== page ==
💉 Hacky way to inject .so into remote processes

4 min read


There are plenty of methods to inject shared objects (.so files) into remote processes on Linux (ptrace, LD_PRELOAD, etc...) but in this post I will show an unusual and hacky way to achieve this.


  • Minimal knowledge how GNU/Linux works.
  • GNU C++ compiler (usually included in your Linux distribution build tools).
  • strace tool.

Creating shared object

At the very beginning, we have to create our shared object that will be injected into remote process. Here is example code how I did this:

// test.cpp
#include <iostream>
#include <thread>

std::thread thread;
// Your code that will be executed in remote process.
void constructor() {
  printf("\n\nfarewell to control\nhey u got hacked\n\n\n");

// shared object's entry point
int __attribute__((constructor)) startup() {
  thread = std::thread { constructor };
  return 0;

So if our shared object source is already saved to file, we should compile it. Run g++ test.cpp -shared -fPIC -o inject.so to do so.

Lets stop here for a second and analyze this command and discuss what are these weird compiler flags...

  • g++ is command for executing GNU C++ compiler, obviously.
  • test.cpp is our input translation unit for the compiler.
  • -shared flag specifies that compiled binary will be shared object.
  • -fPIC flag tells the compiler that compiled machine code must not be dependent on being located at specific address in order to work, so our shared object can be loaded at any address in process' memory.
  • -o inject.so is nothing else than telling compiler where output file will be created and how it is gonna be called.

Injection trick

Here comes the stuff of this post. We want to find shared objects that our process is unsuccessfully trying to load. strace tool is perfect for determining that.

The program that will be analyzed is sysinfo (graphical tool that is able to display some hardware and software information about the computer it is run on) available to download here.

To save sysinfo' system calls trace output to text file, we need to execute this command: strace sysinfo &> sysinfo_trace.log.

Now, after opening the sysinfo_trace.log in our favorite text editor (Visual Studio Code) in my case we should search for lines like these:

access("/home/neg4n/.gtk-2.0/2.10.0/x86_64-pc-linux-gnu/modules/libgail.so", F_OK) = -1 ENOENT (No such file or directory)
access("/home/neg4n/.gtk-2.0/2.10.0/x86_64-pc-linux-gnu/modules/libgail.la", F_OK) = -1 ENOENT (No such file or directory)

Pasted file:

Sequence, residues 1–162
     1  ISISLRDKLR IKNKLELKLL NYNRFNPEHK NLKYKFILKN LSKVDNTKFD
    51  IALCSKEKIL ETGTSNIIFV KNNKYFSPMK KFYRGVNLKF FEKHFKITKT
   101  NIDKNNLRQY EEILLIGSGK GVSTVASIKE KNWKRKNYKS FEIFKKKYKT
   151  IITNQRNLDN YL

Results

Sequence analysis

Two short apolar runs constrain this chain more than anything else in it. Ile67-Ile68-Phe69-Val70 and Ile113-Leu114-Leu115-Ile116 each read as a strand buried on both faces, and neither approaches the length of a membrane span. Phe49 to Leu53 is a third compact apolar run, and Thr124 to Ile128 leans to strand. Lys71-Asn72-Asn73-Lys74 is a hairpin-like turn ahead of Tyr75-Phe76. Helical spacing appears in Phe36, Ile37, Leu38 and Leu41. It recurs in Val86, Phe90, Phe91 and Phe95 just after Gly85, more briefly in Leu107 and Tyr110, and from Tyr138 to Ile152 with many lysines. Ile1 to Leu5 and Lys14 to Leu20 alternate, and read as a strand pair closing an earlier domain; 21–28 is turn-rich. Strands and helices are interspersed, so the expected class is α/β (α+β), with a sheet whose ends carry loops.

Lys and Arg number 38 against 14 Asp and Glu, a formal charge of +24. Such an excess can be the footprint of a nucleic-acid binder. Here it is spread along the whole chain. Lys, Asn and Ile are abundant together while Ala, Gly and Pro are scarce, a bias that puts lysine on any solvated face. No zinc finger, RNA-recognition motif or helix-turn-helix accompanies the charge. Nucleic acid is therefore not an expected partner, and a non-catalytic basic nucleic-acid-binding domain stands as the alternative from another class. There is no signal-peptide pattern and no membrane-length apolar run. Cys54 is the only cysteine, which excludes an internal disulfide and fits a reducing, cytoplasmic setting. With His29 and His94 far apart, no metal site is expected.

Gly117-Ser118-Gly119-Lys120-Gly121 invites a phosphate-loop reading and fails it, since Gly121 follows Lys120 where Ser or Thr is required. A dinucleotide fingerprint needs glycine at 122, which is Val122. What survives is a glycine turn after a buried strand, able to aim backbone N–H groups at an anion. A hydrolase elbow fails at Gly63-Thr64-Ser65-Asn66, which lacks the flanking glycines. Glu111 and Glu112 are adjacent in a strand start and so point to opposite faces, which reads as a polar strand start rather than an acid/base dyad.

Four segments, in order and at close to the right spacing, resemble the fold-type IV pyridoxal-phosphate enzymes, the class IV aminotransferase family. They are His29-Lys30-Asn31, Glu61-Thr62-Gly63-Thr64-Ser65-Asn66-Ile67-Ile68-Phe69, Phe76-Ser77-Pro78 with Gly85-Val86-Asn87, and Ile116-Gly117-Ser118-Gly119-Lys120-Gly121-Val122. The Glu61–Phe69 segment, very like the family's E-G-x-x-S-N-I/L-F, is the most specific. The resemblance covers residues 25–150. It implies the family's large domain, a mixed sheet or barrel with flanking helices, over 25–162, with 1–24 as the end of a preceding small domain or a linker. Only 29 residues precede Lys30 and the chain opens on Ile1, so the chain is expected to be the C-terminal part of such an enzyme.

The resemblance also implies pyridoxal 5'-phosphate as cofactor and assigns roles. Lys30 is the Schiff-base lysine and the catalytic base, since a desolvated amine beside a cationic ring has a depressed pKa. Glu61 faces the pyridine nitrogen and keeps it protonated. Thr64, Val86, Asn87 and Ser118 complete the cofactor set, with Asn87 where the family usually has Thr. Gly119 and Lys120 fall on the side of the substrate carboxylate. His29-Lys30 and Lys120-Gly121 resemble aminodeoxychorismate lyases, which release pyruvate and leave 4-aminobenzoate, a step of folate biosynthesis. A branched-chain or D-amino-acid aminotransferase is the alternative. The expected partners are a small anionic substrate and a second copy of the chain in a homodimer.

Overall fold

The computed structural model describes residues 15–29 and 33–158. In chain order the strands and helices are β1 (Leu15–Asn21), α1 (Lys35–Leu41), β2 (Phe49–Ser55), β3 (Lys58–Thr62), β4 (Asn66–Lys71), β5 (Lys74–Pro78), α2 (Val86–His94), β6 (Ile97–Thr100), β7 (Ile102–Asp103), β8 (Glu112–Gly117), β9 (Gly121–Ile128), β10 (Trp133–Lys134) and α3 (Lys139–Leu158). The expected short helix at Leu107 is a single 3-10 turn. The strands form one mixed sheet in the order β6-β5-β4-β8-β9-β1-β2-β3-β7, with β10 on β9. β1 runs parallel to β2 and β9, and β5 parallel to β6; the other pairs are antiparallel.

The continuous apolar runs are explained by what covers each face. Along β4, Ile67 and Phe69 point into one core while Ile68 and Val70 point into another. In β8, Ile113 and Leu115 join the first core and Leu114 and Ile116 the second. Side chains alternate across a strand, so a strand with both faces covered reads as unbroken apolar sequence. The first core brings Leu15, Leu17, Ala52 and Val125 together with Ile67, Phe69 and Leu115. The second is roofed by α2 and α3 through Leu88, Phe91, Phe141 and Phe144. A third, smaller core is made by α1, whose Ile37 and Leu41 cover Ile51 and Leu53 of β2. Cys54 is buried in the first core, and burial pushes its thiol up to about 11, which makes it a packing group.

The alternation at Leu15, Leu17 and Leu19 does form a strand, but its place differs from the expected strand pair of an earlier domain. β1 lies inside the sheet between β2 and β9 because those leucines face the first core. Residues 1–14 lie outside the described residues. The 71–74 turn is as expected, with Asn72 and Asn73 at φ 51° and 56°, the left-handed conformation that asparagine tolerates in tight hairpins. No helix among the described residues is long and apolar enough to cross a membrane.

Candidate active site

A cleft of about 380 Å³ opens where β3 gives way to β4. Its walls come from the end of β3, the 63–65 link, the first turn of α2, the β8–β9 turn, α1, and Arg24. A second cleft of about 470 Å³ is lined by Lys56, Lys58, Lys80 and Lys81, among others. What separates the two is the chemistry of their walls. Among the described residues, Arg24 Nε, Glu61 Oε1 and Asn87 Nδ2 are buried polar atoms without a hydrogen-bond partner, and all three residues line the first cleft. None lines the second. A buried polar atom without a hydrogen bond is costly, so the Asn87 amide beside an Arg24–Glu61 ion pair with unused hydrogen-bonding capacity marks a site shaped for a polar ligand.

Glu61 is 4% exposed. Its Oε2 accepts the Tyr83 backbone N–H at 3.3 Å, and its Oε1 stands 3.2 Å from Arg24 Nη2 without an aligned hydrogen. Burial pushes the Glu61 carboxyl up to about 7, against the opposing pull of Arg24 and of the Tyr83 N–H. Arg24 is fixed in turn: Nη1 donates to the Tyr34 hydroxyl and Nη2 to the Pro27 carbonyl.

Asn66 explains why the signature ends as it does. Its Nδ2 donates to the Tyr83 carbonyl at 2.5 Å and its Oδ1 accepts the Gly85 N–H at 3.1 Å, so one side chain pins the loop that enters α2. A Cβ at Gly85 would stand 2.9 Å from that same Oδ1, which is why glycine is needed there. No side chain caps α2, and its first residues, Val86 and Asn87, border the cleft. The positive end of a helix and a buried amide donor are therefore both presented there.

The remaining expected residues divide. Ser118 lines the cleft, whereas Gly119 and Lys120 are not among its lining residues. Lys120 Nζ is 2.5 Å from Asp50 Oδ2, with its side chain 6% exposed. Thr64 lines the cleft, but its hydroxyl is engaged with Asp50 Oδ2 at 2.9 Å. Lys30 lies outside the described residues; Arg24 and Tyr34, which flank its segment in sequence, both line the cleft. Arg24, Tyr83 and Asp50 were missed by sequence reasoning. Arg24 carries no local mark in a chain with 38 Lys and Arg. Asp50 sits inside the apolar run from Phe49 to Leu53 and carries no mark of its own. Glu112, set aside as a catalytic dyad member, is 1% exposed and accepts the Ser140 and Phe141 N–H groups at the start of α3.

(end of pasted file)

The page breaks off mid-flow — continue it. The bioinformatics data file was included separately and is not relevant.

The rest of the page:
access("/home/neg4n/.gtk-2.0/2.10.0/modules/libgail.so", F_OK) = -1 ENOENT (No such file or directory)
access("/home/neg4n/.gtk-2.0/2.10.0/modules/libgail.la", F_OK) = -1 ENOENT (No such file or directory)
access("/home/neg4n/.gtk-2.0/x86_64-pc-linux-gnu/modules/libgail.so", F_OK) = -1 ENOENT (No such file or directory)
access("/home/neg4n/.gtk-2.0/x86_64-pc-linux-gnu/modules/libgail.la", F_OK) = -1 ENOENT (No such file or directory)
access("/home/neg4n/.gtk-2.0/modules/libgail.so", F_OK) = -1 ENOENT (No such file or directory)
access("/home/neg4n/.gtk-2.0/modules/libgail.la", F_OK) = -1 ENOENT (No such file or directory)

We can clearly see that there are shared objects that could not be loaded because they don't exist in these paths. Our mission is to move our inject.so from previous section to one of these paths and rename it to look like module that was unsuccessfully loaded.

The last steps that we have to do:

  • Create module directory by executing mkdir -p $HOME/.gtk-2.0/2.10.0/modules/
  • Copy our shared object with changes name to this directory by executing cp inject.so $HOME/.gtk-2.0/2.10.0/modules/libgail.so

If everything is done, we can finally launch sysinfo.

neg4n@dev:~$ sysinfo
Gtk-Message: 00:01:19.327: Failed to load module "pantheon-filechooser-module"

farewell to control
hey u got hacked

Gtk-Message: 00:01:19.329: Failed to load module "gail"
Gtk-Message: 00:01:19.336: Failed to load module "canberra-gtk-module"

** (Sysinfo:4314): WARNING **: 00:01:19.336: (../atk-adaptor/bridge.c:993):atk_bridge_adaptor_init: runtime check failed: (root)

after starting new instance of sysinfo, we can see that there is message from our shared object in the application's stdout.

Ending speech

The following way to inject shared objects is very hacky way to do it and its presented here for educational and maybe entertainment purposes. I don't believe that it can find any serious usages because of two main drawbacks:

  1. Replacing originally intended to be loaded library with our shared object isn't limited per application and not cleaning it after injection will cause every software that tries to load this library to print message from our inject.so or even will prevent it from working.

  2. Doing everything takes time and its rather hard manual task than automated solution.

But after all, i hope that you enjoyed reading my first blog post and learned something new. If you have any questions, don't hesitate to pm me via email!

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